From: Stephen L Nicoud <firstname.lastname@example.org> Date: 15 Nov 93 12:23:34 PST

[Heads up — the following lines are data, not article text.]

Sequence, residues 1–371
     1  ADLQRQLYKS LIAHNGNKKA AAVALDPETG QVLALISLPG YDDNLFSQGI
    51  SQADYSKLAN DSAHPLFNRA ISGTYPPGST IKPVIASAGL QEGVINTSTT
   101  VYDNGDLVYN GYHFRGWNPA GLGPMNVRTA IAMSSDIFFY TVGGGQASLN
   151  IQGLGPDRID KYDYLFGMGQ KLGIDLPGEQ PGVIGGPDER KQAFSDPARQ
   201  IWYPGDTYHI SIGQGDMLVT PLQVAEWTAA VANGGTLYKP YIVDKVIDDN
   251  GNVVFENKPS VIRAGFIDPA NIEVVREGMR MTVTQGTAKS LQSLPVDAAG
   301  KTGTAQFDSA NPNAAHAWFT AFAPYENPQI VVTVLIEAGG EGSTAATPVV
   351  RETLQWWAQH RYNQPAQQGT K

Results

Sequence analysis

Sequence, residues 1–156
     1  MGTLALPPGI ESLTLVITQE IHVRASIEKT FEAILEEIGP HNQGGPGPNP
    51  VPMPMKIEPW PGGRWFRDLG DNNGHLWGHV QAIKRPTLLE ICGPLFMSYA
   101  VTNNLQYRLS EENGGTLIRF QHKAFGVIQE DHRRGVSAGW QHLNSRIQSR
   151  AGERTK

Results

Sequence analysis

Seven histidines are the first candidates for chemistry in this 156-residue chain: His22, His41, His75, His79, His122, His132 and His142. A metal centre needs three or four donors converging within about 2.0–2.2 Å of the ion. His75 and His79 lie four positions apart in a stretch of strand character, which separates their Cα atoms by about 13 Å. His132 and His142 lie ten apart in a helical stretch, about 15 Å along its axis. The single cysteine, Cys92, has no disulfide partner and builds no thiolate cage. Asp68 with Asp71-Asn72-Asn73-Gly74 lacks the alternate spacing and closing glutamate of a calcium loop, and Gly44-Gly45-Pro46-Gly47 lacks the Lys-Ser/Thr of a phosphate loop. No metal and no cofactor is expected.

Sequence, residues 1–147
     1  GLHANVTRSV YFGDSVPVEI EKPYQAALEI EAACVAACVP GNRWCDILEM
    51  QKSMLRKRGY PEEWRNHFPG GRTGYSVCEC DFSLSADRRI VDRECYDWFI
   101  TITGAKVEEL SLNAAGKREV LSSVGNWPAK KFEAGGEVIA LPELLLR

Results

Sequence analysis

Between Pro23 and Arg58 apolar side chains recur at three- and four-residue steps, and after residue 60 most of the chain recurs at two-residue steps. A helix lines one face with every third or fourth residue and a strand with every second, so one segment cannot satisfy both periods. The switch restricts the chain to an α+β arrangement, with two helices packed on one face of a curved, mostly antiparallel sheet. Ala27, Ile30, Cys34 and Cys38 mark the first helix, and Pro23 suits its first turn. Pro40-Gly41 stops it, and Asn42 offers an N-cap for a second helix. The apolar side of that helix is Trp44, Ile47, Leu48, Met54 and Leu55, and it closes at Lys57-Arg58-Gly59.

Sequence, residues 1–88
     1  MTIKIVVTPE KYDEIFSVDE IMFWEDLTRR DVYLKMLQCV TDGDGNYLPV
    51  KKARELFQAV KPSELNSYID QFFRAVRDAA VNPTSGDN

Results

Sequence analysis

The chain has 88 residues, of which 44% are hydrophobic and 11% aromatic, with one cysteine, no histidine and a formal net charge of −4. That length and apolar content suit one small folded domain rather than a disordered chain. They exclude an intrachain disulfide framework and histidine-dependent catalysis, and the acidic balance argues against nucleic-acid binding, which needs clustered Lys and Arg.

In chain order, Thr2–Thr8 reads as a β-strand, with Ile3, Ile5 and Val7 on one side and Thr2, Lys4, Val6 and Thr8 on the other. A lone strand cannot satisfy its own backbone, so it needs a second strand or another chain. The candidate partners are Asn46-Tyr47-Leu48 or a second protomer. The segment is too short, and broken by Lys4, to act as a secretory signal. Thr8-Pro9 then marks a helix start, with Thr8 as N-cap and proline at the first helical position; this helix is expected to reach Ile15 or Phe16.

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I compiled this from various public releases. ------- End of Forwarded Message ------- Friday, November 12, 1993 Flights start for 777's P&W engine Pratt & Whitney and the Boeing Commercial Airplane Group successfully completed the first test flight of the developmental Pratt & Whitney PW4084 engine Tuesday. The engine, being developed for the new Boeing 777 twinjet, completed a two-hour, three-minute flight test on an historic testbed: the first Boeing 747 ever built. Mounted at the inboard position on the left wing, the new engine joined the 747's three Pratt & Whitney JT9D-7A powerplants. Tuesday's flight was the first in a series of flights scheduled for November, during which the complete 777 propulsion system will undergo developmental testing to uncover and resolve any remaining issues involving the engine and its connection to the airframe. The series of flights will total more than 30 hours to evaluate the full propulsion system, engine nacelle and engine build unit items. During the tests, Pratt and Boeing engineers will study the propulsion system in a real flight environment and validate date gathered over several months of simulated altitude testing at the U.S. Air force Arnold Engineering Development Center. These flight tests will profile the propulsion system's overall operation through all aspects of the flight envelope -- takeoff, climb, acceleration, deceleration, inflight starts and landing. Developmental flight testing does not involve the production engines. It is a program designed to uncover and resolve any remaining developmental issues involving the engine and the interface of the engine with the airframe. The production engines will be part of the most comprehensive Boeing flight-test program ever, beginning in June 1994. The PW 4084 engine has been selected by launch customers United Airlines and All Nippon Airways to power their 777 twinjets. The engine will be certified at 84,000 pounds of takeoff thrust, has a 112-inch diameter fan, weighs 14,000 pounds and is 191.7 inches long. By comparison, the three PW JT9D-7A engines on the 747 testbed have a fan diameter of 96 inches. The JT9D-7As produce 46,250 pounds of thrust each, with 8,880 pounds apiece and are 154.2 inches long. In addition to the Pratt & Whitney engines, the 777 also is available with GE90 engines built by General Electric and the Rolls-Royce Trent 800-series engines. Boeing, 777 airline customers and the respective engine makers have worked in teams to assure the highest level of safety and a service-ready introduction in May 1995. ------- End of Forwarded Message ------- Stephen -- Stephen L Nicoud <stephen.nicoud@Boeing.Com> bcstec!bcsaic!stephen.nicoud This message does not represent the views of Boeing. I am not a Boeing spokesperson. I reserve the right to revise, extend and/or revoke my remarks.